Hidemi’s Rambling by Hidemi Woods

Singer, Songwriter and Author from Kyoto, Japan.

Hidemi’s Rambling No.498

on December 14, 2013
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I ask you to keep what you are about to read in here to yourself since it’s regarding an illegal activity I was once engaged in. Until I was about sixteen years old, my parents, my younger sister and I had visited my grandparents’ home every year during the New Year’s. Limited for that time of the year, a quiet countryside house of my grandparents’ would turn into a family casino. It consisted of three different areas. In the card game area, which was the living room, a card game called ‘kabu’ that is similar to blackjack would be played. In the coin game area, which was my grandparents’ room, would be for a game called ‘mortar roller’. And the break area, which was the dining room, would be for those who didn’t like gambling or who needed food and drink. It would be open for 24 hours but only the family members could play. The coin game was organized by my grandmother. She set up a huge china mortar for sesame on the tatami floor and the players would sit around it on the floor. They would take turns and roll a 10-yen coin, which is worth about ten cents, inside the mortar. The coin rolled along the side of the round mortar, descending gradually toward the bottom. If it landed on other coins at the bottom, the player could get them. Although the game was simple, we would be absorbed in playing and our heads and eyes were rolling with a coin above the mortar. My cousin was good at it with her own devised technique to throw in a coin. I would also win snugly with my fixation on money. Beside the excited circle, my grandfather and my father, who were not interested in gambling, would talk over Japanese tea that my grandfather would make. My grandmother would start fretting after midnight and tell us to be quiet because she had believed that the military policemen could bust in with bayonets. We laughed at her anachronism while seeing her try to mute the mortar and still live the WWII era. She upgraded the mortar one year by putting a round piece of cardboard near the bottom. The mortar’s floor was raised and became wider and flatter so that it was harder to make the coin lie on top of the other. More coins to take would be left at the bottom and the game got more exciting. Those were such fond memories and I can still hear the sound of a rolling coin inside a mortar during New Year’s. Later on, the joyful grandparents’ house was burned down by my grandmother’s carelessness with a candle. It’s gone forever…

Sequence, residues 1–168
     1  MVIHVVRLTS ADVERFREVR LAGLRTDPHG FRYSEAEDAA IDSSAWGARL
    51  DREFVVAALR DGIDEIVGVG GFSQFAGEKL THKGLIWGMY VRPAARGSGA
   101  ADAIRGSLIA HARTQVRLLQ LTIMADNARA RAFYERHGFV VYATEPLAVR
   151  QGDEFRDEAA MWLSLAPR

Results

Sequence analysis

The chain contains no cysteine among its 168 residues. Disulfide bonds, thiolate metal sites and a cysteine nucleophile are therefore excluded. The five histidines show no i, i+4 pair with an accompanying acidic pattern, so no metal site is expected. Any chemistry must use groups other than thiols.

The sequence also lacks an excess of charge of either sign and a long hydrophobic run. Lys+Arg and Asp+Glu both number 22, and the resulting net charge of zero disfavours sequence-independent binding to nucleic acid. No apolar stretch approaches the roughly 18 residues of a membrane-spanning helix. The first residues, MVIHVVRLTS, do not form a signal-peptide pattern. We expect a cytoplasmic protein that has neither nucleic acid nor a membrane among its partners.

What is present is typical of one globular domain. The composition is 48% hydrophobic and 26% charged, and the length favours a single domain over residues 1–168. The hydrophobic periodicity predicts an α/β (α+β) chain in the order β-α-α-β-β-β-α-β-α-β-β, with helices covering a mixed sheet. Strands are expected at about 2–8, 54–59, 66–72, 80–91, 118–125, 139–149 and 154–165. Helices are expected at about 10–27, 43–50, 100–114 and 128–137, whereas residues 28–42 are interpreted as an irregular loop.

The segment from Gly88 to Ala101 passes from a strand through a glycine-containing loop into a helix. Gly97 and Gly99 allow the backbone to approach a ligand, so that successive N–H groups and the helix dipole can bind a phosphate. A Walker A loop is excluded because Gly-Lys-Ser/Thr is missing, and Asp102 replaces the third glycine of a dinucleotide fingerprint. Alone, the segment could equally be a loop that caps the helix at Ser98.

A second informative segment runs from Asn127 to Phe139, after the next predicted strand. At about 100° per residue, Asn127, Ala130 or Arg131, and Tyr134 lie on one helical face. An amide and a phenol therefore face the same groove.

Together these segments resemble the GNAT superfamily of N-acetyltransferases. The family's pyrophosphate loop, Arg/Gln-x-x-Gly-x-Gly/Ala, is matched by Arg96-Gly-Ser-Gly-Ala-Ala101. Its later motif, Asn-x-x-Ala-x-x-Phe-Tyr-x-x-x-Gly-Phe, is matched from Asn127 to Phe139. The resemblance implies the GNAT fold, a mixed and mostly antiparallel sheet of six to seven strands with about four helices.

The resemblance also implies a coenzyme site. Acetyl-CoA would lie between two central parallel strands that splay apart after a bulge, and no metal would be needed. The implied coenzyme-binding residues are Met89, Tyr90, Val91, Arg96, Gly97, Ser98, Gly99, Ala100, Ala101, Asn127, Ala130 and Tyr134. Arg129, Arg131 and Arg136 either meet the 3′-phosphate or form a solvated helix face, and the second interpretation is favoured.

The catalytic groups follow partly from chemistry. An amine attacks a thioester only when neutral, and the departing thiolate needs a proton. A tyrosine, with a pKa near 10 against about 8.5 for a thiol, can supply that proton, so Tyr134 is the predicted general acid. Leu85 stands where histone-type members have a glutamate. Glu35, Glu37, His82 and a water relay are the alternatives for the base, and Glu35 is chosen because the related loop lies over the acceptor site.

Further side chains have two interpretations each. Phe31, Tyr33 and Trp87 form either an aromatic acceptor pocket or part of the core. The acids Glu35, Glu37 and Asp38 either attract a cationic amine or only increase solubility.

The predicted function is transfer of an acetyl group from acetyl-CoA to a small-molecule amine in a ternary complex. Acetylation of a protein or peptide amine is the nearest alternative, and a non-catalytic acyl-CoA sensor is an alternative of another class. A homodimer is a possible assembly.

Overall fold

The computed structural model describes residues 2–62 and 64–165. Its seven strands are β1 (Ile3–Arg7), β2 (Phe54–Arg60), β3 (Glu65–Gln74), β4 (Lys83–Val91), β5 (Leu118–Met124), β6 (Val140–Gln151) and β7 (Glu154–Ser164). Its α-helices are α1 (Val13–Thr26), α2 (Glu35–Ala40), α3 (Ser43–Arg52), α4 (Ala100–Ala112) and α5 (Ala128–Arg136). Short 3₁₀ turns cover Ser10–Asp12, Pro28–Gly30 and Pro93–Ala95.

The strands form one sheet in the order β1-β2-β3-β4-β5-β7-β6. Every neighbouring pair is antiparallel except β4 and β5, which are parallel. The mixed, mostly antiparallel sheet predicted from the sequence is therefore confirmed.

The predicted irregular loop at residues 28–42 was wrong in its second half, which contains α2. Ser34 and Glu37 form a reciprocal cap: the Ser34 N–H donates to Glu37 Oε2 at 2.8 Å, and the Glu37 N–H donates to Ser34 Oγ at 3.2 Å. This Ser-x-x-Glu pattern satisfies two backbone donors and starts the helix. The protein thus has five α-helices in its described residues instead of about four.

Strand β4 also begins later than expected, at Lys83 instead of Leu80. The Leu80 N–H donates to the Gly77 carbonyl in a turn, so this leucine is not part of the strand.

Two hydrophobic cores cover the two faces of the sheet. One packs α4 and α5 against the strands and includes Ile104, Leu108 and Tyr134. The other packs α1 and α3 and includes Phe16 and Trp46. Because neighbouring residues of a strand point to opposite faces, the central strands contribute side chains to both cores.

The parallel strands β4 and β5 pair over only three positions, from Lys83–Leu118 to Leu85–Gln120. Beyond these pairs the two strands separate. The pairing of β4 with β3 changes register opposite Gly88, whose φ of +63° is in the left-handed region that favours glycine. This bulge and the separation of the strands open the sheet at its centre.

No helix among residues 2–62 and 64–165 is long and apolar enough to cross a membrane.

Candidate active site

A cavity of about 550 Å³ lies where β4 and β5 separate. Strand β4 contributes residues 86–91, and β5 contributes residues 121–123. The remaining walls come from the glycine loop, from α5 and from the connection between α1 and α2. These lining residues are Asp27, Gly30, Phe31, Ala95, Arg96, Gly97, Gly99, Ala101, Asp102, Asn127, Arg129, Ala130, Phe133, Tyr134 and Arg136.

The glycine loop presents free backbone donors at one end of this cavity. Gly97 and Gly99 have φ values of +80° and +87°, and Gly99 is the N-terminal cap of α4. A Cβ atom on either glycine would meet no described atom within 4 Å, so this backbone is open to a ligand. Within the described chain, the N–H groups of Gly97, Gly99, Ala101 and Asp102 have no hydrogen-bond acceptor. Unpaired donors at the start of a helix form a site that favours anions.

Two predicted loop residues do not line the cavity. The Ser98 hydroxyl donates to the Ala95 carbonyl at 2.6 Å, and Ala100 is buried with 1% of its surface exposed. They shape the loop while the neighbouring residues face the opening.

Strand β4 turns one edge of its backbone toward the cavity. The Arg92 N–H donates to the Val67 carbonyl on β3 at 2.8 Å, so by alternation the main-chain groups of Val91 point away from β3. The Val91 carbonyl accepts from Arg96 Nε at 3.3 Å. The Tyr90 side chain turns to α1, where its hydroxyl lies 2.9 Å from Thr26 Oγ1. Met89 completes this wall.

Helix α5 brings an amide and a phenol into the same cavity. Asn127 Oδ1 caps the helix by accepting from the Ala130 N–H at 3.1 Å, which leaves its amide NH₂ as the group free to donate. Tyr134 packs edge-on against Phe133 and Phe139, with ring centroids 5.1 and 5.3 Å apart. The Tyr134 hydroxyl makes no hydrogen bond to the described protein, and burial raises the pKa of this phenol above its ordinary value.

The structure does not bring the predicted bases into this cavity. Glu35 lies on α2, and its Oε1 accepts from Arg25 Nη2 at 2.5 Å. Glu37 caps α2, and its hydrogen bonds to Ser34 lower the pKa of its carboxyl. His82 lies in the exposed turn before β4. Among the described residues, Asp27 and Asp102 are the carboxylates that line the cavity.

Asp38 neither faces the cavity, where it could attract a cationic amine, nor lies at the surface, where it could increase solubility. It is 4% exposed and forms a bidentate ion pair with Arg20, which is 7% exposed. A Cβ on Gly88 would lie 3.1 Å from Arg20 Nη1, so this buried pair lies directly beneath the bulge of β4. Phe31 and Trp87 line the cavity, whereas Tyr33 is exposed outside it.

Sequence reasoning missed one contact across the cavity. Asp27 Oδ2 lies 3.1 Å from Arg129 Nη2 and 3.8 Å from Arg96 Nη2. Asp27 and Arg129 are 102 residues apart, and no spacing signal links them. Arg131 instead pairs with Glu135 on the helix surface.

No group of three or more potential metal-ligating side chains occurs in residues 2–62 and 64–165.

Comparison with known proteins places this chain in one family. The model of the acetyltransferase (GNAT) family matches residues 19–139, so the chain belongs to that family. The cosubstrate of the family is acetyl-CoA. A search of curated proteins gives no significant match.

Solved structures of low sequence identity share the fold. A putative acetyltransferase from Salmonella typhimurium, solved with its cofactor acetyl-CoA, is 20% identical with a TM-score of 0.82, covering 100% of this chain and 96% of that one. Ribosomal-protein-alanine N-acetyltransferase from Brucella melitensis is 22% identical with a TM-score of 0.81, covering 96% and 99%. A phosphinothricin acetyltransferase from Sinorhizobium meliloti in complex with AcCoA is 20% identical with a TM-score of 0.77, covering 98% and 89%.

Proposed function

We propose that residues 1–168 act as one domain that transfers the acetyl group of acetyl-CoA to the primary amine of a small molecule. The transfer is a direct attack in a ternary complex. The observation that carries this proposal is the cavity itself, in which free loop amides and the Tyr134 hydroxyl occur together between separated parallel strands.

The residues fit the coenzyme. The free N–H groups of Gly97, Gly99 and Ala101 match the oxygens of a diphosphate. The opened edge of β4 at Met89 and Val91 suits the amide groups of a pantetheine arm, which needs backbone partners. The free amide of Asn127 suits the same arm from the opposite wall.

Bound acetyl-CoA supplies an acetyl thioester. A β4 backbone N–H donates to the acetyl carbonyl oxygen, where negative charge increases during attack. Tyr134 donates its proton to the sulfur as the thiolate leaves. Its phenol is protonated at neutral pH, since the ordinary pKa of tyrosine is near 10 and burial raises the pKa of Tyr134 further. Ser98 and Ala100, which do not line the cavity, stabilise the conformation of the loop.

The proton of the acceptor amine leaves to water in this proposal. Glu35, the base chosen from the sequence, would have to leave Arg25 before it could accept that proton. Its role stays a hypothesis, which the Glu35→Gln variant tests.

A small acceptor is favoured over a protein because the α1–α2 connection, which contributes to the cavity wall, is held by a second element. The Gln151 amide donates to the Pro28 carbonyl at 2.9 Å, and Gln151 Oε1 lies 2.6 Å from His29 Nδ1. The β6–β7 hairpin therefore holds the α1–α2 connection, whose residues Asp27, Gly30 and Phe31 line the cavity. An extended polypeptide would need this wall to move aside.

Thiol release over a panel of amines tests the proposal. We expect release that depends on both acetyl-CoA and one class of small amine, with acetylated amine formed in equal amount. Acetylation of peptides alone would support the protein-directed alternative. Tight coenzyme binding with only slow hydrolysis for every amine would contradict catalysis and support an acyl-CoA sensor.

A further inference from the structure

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***** 88th Planet Project *****

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